ArchiMate: Adding Value to TOGAF
The ArchiMate® enterprise architecture modeling language has been developed to provide a uniform representation for enterprise architecture descriptions1. It offers an integrated architectural approach that describes and visualizes the different architecture domains and their underlying relationships and dependencies. In a short time, ArchiMate has become the open standard for architecture modeling in the Netherlands. It was officially launched in April 2009 as an Open Group standard; since then, the international interest in ArchiMate has been growing rapidly. ArchiMate complements TOGAF2, the leading standard of The Open Group for developing enterprise architectures.
An Integrated Approach to Enterprise Architecture
Frameworks for enterprise architecture vary in the types of support that they offer. They may have, among others, any combination of the following ingredients:
- A process (“way of working”) for creating architectures; this may be accompanied by guidelines, techniques, and best practices.
- A set or classification of viewpoints.
- A language for describing architectures (defining concepts and relationships, but also a notation).
- The concept of a (virtual) architecture repository, possibly containing predefined architectural artifacts and (reference) models.
The core of TOGAF is a process called the Architecture Development Method (ADM). The ADM also describes viewpoints, techniques, and reference models, but not a complete language: the TOGAF Architecture Content Framework does identify relevant architecture building blocks, but it does not constitute a precisely defined language, nor does it provide a notation for these building blocks. ArchiMate also describes viewpoints, and in addition to this, it defines a well worked-out language, including a (graphical) notation. This language also provides a concrete visualization of the views identified in TOGAF.
TOGAF and ArchiMate share their view on the use of viewpoints and the concept of an underlying common repository of architectural artifacts and models; i.e., they have a firm common foundation. However, TOGAF and ArchiMate complement each other with respect to the definition of an architecture development process and the definition of an enterprise architecture modeling language. Together, they make up a complete, integrated approach for delivering enterprise architecture.
Creating Architecture Models with ArchiMate
Within TOGAF, ArchiMate is used primarily for the creation of architecture models. TOGAF distinguishes four architectures: the Business Architecture (created in Phase B of the ADM), the Application Architecture and Data Architecture (both part of the Information Systems Architecture, Phase C), and the Technology Architecture (Phase D). In all of these phases, baseline (“as is”) and target (“to be”) architectures are created. In Phase A (Architecture Vision) of the ADM, first global versions of these architectures are already sketched; for this, ArchiMate may also be suitable.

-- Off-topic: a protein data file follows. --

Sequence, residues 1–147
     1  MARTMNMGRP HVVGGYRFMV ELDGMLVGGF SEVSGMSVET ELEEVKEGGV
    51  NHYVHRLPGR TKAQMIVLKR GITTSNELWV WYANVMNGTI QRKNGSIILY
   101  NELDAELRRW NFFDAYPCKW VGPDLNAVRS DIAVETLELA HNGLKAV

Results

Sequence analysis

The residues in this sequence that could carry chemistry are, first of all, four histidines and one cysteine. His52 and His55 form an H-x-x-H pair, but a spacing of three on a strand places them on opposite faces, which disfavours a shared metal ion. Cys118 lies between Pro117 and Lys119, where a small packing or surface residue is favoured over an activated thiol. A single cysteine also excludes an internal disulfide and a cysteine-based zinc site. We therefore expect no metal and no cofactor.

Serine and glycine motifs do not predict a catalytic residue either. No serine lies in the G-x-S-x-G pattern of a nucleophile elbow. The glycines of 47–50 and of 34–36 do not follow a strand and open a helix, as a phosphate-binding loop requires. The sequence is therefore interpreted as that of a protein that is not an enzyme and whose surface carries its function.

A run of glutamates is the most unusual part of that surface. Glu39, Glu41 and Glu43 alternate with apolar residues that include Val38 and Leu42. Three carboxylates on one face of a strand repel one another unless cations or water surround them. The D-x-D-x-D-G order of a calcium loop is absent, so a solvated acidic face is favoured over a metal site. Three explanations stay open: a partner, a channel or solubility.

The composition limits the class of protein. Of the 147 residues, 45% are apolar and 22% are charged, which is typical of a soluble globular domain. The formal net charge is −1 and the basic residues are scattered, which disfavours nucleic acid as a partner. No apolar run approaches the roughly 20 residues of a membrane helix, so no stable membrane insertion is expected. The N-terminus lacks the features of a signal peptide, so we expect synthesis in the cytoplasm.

We illustrate the different architectures with a small example based on a fictitious insurance company. ArchiSurance is a merger of three previously independent companies: Home & Away for home and travel insurances, PRO-FIT for car insurances, and Legally Yours for legal aid insurances. The new company has a single front office and three separate back offices. ArchiSurance intends to rationalize its application portfolio, by integrating legacy applications with similar functionality from the old companies that are still in use.
The Business Architecture provides the context for system development trajectories, showing, among others, the main business processes, the actors (or roles) performing these processes, and the information (objects) exchanged between the processes. Figure 1 shows an example of a Business Architecture expressed in ArchiMate. We assume that the business architecture of ArchiSurance does not change in the application rationalization process.
The Application Architecture shows the applications or application components, their relationships, and their functionality. The functionality that the applications offer to their environment is modeled with services. The service concept plays a central role in ArchiMate, also in the Business Architecture and the Technology Architecture (although this is not shown in our example), and in particular as a linking pin between the different architectures.